"Ce soir, je fais à dîner." When I first read this example, I read the word, "diner" as a noun, (As in "Ce soir je fais le diner").
But after reading through the questions and seeing the example, "Je fais a manger", I suspect that it is really the infinitve form of the verb, "diner" = "to eat dinner".
This is a new expression for me. Am I understanding correctly that one can say, for example:
"Je fais a coudre" = I am sewing.
"Il fait a dessiner" = He is drawing.
"Nous faisons a dejeuner" = We are making lunch.
"Les enfants font a nettoyer leur chambre" = The children are cleaning up their room"
And, I suspect that this expression would only be used when there is a concrete or tangible result of the action, ie."Vous faites a nager" might not work.
Thanks in advance for any explanation.
Is there a lesson on this? If not, it might be helpful to add one.
Thank you for your question! This is a very interesting.
You will only use "faire à + meal names" because it comes from the expression "faire [quelque chose] à manger / dîner - diner etc", where the "[quelque chose]" got dropped over time.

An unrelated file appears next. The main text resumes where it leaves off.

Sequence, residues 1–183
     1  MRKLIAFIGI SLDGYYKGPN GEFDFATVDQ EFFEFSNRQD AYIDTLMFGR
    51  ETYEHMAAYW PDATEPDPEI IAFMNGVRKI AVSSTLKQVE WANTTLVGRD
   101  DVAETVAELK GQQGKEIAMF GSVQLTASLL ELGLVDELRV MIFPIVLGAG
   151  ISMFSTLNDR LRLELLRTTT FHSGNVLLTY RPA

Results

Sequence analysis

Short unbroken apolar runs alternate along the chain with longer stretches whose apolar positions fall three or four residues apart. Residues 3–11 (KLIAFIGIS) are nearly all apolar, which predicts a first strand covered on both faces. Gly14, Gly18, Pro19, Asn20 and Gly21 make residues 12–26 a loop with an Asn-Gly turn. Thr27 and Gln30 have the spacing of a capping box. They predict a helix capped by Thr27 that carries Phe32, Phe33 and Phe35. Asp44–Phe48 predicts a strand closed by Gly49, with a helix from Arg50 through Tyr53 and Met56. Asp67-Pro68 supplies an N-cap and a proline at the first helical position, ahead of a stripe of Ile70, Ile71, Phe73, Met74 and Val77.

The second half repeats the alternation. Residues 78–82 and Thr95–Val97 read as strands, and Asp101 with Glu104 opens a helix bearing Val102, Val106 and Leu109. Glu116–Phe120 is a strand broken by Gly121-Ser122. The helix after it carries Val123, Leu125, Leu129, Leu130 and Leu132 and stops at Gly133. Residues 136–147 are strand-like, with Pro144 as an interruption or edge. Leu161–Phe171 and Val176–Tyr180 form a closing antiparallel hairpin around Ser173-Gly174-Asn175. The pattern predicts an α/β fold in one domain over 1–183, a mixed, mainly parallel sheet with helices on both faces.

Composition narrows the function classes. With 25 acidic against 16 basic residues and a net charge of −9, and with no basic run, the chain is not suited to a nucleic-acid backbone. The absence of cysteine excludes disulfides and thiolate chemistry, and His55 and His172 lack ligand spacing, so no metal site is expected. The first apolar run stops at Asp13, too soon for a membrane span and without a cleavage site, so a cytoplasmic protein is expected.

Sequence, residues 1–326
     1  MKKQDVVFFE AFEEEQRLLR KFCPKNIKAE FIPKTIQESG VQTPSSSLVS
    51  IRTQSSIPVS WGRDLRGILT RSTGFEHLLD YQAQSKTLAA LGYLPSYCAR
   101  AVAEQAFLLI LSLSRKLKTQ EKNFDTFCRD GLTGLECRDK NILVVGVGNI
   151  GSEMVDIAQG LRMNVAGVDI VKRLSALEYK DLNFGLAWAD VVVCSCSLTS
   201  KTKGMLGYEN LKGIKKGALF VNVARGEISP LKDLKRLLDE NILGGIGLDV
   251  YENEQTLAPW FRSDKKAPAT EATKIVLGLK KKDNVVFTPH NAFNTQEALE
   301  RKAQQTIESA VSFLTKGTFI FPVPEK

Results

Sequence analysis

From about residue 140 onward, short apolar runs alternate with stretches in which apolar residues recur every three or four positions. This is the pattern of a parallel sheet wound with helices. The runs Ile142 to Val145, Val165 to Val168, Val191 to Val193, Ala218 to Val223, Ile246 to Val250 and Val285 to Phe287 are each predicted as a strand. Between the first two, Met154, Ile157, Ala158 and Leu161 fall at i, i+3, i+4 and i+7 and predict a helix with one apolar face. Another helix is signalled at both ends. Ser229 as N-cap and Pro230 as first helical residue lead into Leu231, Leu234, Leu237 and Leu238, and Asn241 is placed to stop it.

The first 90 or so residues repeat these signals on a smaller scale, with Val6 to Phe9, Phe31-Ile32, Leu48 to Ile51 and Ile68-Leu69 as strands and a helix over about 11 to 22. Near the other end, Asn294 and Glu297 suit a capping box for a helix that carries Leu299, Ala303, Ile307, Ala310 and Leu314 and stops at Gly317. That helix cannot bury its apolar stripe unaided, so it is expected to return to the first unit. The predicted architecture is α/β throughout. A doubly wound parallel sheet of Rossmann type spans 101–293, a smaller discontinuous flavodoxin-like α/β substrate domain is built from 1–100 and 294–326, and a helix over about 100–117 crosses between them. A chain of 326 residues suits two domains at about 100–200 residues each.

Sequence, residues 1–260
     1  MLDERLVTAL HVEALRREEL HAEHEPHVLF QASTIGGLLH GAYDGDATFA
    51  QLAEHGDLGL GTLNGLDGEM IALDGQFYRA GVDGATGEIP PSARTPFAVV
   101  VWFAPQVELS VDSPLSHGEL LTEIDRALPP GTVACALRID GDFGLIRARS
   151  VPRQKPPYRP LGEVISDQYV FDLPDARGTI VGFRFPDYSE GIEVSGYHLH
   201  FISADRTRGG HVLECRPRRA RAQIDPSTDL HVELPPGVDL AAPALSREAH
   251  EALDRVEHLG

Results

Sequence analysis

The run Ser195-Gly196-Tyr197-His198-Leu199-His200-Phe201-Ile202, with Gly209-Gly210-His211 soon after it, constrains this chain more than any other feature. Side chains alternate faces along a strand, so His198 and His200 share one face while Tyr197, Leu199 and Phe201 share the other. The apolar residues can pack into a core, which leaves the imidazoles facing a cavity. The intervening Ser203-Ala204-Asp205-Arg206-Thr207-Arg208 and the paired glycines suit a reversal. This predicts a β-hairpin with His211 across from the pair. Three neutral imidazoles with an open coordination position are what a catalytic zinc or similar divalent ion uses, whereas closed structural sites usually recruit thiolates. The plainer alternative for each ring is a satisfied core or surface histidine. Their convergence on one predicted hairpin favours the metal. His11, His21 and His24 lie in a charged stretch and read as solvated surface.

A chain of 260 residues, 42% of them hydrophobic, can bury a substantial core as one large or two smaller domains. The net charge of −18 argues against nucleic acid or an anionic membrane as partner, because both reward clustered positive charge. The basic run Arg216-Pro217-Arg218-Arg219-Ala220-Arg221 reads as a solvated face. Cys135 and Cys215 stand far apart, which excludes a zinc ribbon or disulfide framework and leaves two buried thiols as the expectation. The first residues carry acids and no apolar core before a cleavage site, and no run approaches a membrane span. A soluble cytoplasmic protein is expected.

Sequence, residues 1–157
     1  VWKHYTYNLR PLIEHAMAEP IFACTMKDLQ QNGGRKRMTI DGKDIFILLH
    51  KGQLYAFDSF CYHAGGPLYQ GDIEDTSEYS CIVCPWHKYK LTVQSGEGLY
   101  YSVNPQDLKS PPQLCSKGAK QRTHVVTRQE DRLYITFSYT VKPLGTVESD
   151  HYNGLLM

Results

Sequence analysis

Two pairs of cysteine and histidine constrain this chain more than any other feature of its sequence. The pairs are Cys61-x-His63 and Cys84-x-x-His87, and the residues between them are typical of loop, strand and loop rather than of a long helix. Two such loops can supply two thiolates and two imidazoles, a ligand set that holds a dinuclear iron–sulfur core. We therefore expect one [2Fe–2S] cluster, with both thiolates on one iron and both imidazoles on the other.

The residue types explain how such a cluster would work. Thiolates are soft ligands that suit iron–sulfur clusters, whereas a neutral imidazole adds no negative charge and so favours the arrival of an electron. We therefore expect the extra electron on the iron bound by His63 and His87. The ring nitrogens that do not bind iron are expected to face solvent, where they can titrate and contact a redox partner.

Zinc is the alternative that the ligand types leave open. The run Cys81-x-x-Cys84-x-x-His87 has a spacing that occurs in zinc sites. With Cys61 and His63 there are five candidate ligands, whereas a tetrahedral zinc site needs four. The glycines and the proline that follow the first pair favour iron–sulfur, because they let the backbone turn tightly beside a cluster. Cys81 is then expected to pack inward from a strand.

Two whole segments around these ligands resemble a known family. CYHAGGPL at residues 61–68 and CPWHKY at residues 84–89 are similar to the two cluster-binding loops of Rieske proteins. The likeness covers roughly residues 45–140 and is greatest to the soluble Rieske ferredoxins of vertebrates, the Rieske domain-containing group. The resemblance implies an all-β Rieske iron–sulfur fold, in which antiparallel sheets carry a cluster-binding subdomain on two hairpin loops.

Je fais à manger = I am making food
Je fais à dîner / diner = I am making dinner
Je fais à déjeuner = I am making lunch
I hope this is helpful.
Bonne journée !
Merci pour votre reponse ! This is indeed very helpful. Now, it makes sense to me.
"Je vais faire quelque chose a manger" becomes simplified to: "Je vais faire a manger."
"Tu fais quelque chose a diner." becomes: "Tu fais a diner."
Is this considered 'slang' and used mostly in spoken language or is it generally accepted as correct French whether spoken or written.
Also, may I suggest that your explanation is included in the lesson. I am sure that it would be very instructive to your learners.
Merci en avance !
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